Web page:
Teenage activists and an IPCC triumph

Between 2007 and 2016, food production, agriculture, forestry and other human activities related to land use accounted for 21–37% of anthropogenic, or human-caused, greenhouse-gas emissions, the IPCC review says. These emissions could be reduced, it adds, if more land was available to absorb carbon. This could be achievable if more consumers reduced their meat consumption in favour of plant-based diets; more forests were protected and managed sustainably; and soils were replenished with organic content.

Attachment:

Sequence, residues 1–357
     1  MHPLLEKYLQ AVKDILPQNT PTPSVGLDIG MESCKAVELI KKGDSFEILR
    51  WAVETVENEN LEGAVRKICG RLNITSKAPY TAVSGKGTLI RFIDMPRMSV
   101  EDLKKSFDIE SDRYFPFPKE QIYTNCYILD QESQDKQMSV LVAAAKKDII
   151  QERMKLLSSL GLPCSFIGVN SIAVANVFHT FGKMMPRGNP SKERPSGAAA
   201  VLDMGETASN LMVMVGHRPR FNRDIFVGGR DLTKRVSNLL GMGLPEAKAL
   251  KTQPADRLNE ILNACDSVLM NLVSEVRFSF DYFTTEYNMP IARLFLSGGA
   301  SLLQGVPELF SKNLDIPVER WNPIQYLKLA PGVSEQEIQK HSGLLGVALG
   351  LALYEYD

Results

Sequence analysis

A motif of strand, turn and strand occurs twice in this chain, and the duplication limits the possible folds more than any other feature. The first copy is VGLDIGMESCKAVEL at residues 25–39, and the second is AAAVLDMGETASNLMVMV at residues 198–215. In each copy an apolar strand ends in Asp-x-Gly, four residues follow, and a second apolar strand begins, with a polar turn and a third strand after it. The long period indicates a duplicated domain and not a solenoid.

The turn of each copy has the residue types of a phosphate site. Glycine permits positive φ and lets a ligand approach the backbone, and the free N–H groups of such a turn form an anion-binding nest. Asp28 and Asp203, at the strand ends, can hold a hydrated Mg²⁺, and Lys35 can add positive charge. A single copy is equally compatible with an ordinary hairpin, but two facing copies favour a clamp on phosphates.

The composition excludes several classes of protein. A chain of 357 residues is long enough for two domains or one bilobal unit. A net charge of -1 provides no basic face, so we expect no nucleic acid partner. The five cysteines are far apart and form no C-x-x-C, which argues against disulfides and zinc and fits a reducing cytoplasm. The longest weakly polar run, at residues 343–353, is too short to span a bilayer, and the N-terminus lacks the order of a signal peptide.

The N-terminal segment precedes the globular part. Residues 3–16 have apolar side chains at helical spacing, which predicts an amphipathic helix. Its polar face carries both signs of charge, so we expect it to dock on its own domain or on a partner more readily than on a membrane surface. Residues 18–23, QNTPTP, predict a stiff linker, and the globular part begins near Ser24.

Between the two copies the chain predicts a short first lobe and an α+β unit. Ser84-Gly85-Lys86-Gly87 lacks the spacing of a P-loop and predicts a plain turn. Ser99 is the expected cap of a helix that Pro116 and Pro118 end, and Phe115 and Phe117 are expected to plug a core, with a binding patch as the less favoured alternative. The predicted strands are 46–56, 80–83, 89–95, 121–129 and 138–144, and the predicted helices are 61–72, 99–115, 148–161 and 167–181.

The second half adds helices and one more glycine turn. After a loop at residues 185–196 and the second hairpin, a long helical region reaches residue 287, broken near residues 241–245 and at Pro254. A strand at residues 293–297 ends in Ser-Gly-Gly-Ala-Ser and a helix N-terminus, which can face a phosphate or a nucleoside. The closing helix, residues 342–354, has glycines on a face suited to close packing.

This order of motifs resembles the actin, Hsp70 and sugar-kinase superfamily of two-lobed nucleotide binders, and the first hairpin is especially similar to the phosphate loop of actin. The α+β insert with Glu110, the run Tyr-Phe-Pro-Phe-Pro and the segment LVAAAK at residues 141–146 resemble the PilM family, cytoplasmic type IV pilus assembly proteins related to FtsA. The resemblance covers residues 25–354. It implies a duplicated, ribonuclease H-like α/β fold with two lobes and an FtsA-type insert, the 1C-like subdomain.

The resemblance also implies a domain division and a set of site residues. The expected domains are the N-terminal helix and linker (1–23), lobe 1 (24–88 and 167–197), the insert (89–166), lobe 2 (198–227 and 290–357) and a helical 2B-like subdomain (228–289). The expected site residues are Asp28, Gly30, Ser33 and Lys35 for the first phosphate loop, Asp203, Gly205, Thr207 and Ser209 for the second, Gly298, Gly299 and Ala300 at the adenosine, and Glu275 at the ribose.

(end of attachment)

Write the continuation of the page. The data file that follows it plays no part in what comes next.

The youth climate movement’s members are brave, and they are right. It has been almost three decades since the three UN conventions — on biodiversity, climate and desertification — were agreed at the Earth Summit in Rio de Janeiro. And it has been 31 years since the IPCC was created to advise decision makers. Yet environmental promises have not been matched by meaningful action.

Younger generations know, perhaps better than the adults, that the world might not have another three decades to prevent climate impacts that will be even more serious than those we face now. Politicians must act now.

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